Add the vegetable broth, tomato sauce, red wine, potatoes, carrots, herbs, salt and pepper. Mix well.

Rabbit stew being assembled in a dutch oven

Add the rabbit pieces: Nestle them at the bottom of the pot so that they are covered by the liquid and cook evenly.

Cook the stew: Bring to a boil, then cover and reduce to a simmer. Cook on low or medium-low heat for 1 hour 30 minutes. The temperature will vary according to your stove, you want the heat just high enough to keep the stew at a steady simmer.

Stir the stew a couple times during the cooking time. If the liquid reduces too rapidly, add vegetable broth 1/2 a cup at a time. You want the rabbit to be just covered by the liquid.

Remove the cover and add the last tablespoon of butter, stirring until it has melted. Simmer an additional 30 minutes until the liquid has reduced and has a thicker, more stew-like texture. The rabbit meat is done when it flakes off the bone when you test it with a fork.

Adjust seasonings: Taste the stew and add salt/pepper as needed.

A bowl filled with rabbit stew with mashed potatoes and a slice of bread

Variation Ideas

This rabbit stew is very easy to make and can be modified to use the veggies you have on hand.

  • Use different veggies. I usually go for potatoes and carrots, but if I have them around peeled and chopped parsnips are also lovely. You can also add diced celery with the onions, chopped butternut squash, or use sweet potato instead of regular potatoes.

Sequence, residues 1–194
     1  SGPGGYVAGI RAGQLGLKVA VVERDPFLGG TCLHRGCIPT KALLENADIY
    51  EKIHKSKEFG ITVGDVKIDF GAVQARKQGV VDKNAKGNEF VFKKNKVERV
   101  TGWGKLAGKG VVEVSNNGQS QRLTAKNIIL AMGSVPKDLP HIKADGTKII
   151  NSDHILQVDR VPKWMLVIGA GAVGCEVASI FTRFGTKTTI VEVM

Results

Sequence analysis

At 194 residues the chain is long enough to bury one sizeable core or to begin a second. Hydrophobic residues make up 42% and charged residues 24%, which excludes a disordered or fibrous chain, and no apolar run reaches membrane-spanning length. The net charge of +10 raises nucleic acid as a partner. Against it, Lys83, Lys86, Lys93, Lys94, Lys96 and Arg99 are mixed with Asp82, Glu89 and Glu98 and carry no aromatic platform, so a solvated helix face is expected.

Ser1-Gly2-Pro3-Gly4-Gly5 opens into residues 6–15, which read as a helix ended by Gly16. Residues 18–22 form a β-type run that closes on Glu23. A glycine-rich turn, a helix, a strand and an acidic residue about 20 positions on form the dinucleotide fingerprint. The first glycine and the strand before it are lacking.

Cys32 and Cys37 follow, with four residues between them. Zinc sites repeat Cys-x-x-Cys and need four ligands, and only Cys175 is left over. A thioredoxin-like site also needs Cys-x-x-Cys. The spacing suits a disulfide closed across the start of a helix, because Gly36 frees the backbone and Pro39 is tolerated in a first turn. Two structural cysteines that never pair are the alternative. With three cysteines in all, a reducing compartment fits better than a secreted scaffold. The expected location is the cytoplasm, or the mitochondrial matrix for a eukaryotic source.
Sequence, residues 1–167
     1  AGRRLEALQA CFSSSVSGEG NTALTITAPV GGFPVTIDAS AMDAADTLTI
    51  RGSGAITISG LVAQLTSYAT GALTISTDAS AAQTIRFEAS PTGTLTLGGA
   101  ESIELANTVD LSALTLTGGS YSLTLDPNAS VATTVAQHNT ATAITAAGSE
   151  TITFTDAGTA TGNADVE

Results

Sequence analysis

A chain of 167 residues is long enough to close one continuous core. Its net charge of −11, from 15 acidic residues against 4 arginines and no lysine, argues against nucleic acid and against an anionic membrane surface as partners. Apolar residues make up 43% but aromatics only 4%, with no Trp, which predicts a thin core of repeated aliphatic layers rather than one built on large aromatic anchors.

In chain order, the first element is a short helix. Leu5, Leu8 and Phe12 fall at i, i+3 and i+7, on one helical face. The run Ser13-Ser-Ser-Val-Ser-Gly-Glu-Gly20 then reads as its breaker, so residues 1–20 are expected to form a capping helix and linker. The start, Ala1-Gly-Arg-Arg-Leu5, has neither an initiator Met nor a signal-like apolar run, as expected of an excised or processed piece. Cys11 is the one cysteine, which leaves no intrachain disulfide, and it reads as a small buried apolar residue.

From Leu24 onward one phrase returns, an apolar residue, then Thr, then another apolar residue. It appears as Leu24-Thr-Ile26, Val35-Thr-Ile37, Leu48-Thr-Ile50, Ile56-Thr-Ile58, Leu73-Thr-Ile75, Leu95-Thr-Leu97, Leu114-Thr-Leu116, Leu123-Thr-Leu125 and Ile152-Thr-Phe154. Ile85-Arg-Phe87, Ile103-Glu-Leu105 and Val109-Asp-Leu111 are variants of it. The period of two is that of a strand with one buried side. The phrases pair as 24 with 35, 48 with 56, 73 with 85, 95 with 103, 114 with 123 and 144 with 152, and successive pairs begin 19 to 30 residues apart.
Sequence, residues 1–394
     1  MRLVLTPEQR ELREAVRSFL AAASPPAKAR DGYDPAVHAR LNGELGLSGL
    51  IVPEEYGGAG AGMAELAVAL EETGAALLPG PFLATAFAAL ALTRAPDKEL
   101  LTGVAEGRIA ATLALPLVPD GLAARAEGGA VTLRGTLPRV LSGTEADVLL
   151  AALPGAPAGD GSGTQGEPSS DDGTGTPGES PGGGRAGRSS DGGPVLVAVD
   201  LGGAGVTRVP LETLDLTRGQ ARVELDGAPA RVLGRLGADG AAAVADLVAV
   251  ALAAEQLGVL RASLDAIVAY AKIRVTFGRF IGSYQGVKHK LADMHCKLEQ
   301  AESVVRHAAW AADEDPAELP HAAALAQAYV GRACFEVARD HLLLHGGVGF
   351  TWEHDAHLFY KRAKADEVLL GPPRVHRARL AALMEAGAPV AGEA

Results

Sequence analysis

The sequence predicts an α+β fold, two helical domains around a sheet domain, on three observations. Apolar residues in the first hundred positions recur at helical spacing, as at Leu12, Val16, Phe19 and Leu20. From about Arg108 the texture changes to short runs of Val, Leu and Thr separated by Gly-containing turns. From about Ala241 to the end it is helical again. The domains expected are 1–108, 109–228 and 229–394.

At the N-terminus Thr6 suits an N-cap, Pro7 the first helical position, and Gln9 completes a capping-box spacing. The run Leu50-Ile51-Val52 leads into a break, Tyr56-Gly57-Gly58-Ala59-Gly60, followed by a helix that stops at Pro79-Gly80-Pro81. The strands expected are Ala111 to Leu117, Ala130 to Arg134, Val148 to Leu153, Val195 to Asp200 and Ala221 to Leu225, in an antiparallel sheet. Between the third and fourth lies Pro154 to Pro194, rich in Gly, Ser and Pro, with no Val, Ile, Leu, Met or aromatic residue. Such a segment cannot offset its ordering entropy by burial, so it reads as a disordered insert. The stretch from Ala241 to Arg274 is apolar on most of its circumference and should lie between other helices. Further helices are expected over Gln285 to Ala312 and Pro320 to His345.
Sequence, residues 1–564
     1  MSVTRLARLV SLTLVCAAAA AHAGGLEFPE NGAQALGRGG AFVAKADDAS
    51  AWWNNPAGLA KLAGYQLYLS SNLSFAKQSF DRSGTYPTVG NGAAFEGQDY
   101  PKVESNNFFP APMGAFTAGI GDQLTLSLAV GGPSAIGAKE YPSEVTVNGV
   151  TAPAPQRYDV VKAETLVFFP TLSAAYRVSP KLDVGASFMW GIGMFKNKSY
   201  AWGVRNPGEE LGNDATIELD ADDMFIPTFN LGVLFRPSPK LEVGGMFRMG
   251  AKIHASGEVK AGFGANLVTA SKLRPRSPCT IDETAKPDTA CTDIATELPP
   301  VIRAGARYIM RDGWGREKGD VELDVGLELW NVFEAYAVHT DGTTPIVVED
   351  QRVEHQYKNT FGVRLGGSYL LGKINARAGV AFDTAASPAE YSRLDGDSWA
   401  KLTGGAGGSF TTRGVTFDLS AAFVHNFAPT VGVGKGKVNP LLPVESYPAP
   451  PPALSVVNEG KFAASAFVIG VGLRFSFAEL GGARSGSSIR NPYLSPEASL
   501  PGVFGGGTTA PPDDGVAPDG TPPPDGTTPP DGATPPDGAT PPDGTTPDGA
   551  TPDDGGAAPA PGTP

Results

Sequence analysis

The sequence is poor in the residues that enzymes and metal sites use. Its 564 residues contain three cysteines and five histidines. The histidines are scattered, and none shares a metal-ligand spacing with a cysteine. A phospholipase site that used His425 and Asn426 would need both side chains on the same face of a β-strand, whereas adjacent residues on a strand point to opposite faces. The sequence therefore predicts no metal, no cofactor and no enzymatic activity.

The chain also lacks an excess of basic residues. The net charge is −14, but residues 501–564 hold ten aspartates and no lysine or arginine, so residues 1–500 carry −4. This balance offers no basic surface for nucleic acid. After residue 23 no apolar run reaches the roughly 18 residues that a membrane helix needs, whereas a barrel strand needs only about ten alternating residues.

• Leave out the veggies: You can also forgo the potatoes and carrots so make a more rabbit focused stew. I sometimes do this when I’m already making another side and want to cut down on prep time a bit. I would not leave out the onions or garlic as those add a lot of flavor to the stew.

Serving Suggestions

Oh there are so many ways to serve this succulent rabbit stew! My top combos are:

  • Boiled or Roasted Potatoes & Roasted Carrots: Since these veggies are already in the stew, this combo goes really well. Yes it is more veggies, but what’s wrong with that? You can also leave the potatoes and carrots out of the stew. Cook them separately and serve them on the side.
  • Mashed potatoes: This stew is incredible spooned over a bed of homemade mashed potatoes.
  • Crusty bread. I feel like a thick slice of crusty bread is pretty essential with this recipe. The bread is perfect for sopping up the stew juices.
  • Popovers. A couple fluffy, homemade popovers are amazing with this stew!
  • Red wine. This recipe used red wine to add flavor and depth to the stew. My advice is to use a wine you also like to drink, because then you can also pour yourself a glass. I usually use Apothic red wine. It’s not too expensive and I enjoy drinking it.
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Easy Rabbit Stew Recipe